5. Make it a meal. Sometimes the greens alone are enough for dinner, particularly if I’ve used andouille or turkey sausage back in Step 1. Sometimes I add a fried egg. Sometimes I serve these up in corn tortillas with feta, salsa and avocado. Sometimes I use the greens as a sauce for whole wheat pasta. I ate this purple kale with some ricotta and a slightly sweet, buttery Vouvray.

Whore’s Radishes

Spending the better part of a day preparing a lavish dinner for friends is a meditative and restorative activity for me. But at 8:30 on a Tuesday night, I just want to get something tasty and nutritious into my stomach as quickly as possible.


I opened the fridge to discover that the greens atop these radishes were beginning to wilt. If you haven’t caught on by now, I am a bit obsessed with dark leafy greens. Last summer, unable to bear the thought of throwing out such a bounty of greenery (and after having Googled to ensure that they were not poisonous), I decided to try eating the radish greens. They’ve got a slightly rough texture and a bitter, peppery flavor similar to the radish itself, but much more subtle. That is to say, they are delicious.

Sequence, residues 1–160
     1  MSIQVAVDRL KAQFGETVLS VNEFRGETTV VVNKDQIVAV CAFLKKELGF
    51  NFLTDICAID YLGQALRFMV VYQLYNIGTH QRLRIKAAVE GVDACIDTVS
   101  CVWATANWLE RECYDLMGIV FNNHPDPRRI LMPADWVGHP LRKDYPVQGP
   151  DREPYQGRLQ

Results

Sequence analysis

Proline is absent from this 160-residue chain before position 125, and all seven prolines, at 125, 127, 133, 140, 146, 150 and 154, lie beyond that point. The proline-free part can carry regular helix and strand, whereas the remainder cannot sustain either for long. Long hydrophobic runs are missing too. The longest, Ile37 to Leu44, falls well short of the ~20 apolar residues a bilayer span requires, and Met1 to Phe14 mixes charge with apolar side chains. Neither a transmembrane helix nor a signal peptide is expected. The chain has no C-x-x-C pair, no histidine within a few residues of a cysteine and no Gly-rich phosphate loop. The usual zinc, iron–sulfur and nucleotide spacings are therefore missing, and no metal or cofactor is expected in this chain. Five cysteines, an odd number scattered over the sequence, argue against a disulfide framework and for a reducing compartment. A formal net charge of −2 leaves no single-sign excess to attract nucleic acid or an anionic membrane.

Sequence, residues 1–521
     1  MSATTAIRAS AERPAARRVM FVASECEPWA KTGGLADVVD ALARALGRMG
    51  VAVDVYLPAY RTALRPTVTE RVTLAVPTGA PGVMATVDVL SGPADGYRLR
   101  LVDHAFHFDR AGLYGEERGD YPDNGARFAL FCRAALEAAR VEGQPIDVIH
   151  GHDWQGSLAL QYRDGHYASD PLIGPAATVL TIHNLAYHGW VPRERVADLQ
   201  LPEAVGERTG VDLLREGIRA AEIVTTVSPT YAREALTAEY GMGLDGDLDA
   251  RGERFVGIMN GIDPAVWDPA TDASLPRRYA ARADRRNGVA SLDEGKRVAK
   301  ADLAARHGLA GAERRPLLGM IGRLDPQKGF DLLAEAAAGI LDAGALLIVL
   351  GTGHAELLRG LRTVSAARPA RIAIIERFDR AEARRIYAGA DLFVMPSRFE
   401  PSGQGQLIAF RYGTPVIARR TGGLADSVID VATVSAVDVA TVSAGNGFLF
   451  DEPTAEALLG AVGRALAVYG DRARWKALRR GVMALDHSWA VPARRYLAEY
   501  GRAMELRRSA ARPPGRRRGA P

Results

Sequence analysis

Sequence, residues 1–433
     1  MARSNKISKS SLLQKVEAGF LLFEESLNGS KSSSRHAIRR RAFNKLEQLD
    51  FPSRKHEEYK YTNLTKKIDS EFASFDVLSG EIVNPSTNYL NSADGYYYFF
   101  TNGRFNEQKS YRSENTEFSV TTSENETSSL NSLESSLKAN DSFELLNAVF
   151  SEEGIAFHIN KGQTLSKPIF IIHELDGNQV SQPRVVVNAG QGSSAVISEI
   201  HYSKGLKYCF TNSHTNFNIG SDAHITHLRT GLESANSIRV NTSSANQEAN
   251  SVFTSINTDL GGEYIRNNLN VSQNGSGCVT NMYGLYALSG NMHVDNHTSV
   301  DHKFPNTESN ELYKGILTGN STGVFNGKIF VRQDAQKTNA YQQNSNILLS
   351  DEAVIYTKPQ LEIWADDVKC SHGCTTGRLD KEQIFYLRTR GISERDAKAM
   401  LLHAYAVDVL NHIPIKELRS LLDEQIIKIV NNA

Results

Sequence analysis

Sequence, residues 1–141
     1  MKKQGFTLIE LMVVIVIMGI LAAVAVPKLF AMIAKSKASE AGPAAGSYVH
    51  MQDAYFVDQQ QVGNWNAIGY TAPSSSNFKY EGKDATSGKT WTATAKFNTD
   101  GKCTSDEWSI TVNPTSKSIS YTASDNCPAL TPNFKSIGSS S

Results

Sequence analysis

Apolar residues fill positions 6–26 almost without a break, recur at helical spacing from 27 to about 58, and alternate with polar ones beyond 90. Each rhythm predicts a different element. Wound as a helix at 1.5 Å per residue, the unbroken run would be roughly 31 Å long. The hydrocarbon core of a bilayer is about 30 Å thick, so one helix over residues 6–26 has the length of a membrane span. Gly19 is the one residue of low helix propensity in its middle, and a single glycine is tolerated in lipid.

Tonight I prepared the radishes and radish greens alla puttanesca, which translates as “whore’s style.” There are a number of variations on this, but they all include a variety of savory ingredients–including tomatoes, garlic, onions, chiles, anchovies, capers and olives. Note that these are ingredients that keep well in the pantry or fridge, ready to deliver a burst of flavor whenever you need it.

For this dish, I added a couple of anchovy filets, a tablespoon of olive oil, half a tablespoon of butter (to promote browning), one thinly sliced garlic scape (regular garlic would have been fine, but it’s what I had), and a big pinch of red pepper flakes to a cast iron skillet over medium heat. After a few minutes of stirring, I had a nicely seasoned browned butter. In went the radishes, cut into wedges. I was getting some nice color on them, but they weren’t cooking as quickly as I had hoped, so I added some water to help them along. When the water was nearly gone, I added the radish greens (which you want to wash a little more thoroughly than I did, as they tend toward gritty) and sautéed them. At the last moment, I threw in a tablespoon of capers and 10 or so oil-cured olives that I had chopped and pitted. I finished the dish with some ricotta cheese for a little protein. This would be awesome with some whole wheat pasta.